Sunday, October 10, 2010

Vibrating conveyor belts and feeders

Initially found on

I've seen these before when visiting a company that makes robotics assembly systems. They vibrate parts in a matter that moves them along. This concept is often used in round feeders that orient and sort small parts. The original poster on guesses that it employs slip stick motion, which uses the difference between static and sliding friction.

Here's a straight conveyor:

Here's a tablet feeder. Notice how incorrectly oriented parts are spilled over the edge into the middle of the feeder to randomly. At the company I visited (I can't remember the name), they also had ones with custom air-based orienting mechanisms for this specific part. A stream of air would be pointed at the parts as they move along (they had already been sorted into a straight line). If a part was upside down, the air would catch on a piece of the part and it would be blown off the line to start over. Acceptable parts did not have air-catching features and continued on.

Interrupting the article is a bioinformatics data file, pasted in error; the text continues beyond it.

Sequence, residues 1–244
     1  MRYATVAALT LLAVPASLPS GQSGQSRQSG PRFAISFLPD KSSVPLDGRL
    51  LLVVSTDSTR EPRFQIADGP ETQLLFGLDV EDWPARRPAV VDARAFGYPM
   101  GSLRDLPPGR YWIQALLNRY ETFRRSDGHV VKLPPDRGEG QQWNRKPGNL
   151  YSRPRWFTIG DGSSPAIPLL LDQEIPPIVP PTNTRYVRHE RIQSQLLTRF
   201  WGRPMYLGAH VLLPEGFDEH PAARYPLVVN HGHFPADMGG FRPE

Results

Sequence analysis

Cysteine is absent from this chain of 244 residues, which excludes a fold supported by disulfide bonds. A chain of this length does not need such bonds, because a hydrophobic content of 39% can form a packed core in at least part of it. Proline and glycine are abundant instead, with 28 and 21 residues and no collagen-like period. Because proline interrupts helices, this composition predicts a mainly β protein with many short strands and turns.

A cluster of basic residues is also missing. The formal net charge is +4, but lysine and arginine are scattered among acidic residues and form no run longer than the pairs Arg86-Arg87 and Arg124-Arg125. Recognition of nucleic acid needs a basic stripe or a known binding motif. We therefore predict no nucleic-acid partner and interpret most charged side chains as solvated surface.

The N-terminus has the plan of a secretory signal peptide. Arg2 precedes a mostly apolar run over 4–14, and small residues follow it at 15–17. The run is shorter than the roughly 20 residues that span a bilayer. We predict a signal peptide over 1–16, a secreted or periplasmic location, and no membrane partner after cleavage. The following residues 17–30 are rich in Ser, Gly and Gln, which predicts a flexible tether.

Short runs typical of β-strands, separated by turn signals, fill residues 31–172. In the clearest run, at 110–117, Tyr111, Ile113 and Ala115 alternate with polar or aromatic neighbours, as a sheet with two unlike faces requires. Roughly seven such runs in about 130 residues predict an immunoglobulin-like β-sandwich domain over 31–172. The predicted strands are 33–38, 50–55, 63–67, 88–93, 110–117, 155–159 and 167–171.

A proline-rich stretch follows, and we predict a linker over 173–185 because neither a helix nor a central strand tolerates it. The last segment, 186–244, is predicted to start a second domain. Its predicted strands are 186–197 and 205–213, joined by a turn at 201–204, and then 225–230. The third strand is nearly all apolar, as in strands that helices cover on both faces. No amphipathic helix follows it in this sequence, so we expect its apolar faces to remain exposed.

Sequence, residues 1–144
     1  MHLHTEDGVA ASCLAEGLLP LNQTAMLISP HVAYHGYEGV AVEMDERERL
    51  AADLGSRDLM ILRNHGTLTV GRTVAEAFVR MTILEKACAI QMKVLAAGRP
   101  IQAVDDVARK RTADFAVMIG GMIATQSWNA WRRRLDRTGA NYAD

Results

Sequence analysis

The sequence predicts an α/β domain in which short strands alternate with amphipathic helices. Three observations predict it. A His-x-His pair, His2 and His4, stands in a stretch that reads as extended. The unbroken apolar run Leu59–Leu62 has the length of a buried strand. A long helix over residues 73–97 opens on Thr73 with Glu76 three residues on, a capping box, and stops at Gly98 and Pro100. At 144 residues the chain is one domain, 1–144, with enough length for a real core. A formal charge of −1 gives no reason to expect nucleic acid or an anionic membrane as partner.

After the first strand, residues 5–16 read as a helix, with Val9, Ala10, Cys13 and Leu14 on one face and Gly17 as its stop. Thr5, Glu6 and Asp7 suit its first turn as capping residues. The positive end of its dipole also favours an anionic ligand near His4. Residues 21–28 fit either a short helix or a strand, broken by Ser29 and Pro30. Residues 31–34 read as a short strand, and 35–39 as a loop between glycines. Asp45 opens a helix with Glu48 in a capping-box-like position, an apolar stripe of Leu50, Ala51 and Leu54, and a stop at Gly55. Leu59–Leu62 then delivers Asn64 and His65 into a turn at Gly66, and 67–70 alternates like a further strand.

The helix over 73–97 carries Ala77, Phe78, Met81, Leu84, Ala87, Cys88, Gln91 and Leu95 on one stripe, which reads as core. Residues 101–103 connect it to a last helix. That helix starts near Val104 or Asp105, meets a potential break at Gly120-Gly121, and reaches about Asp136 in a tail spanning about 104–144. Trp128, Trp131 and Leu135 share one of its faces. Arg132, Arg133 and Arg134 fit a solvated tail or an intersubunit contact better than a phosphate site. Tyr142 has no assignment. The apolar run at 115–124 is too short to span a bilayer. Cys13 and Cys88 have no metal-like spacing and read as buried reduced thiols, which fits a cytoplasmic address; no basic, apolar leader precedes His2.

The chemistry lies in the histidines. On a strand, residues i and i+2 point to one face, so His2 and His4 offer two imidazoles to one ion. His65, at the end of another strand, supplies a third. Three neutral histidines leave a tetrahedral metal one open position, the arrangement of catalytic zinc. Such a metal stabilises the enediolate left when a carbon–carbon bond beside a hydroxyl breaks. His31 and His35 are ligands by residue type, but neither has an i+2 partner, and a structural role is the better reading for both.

Here's another application. This is used to sort different sized objects at a recycling plant. Smaller objects fall through holes as they continue along the belt, while larger objects move on over. This of course, could not be done with a belt. (However, maybe a belt with long strips down it lengthwise, or multiple thin belts? Larger objects would not fit through the gaps between the belts, but smaller objects would. The issue might be long and slender objects, like thin wood strips. They would still be able to fit through.)

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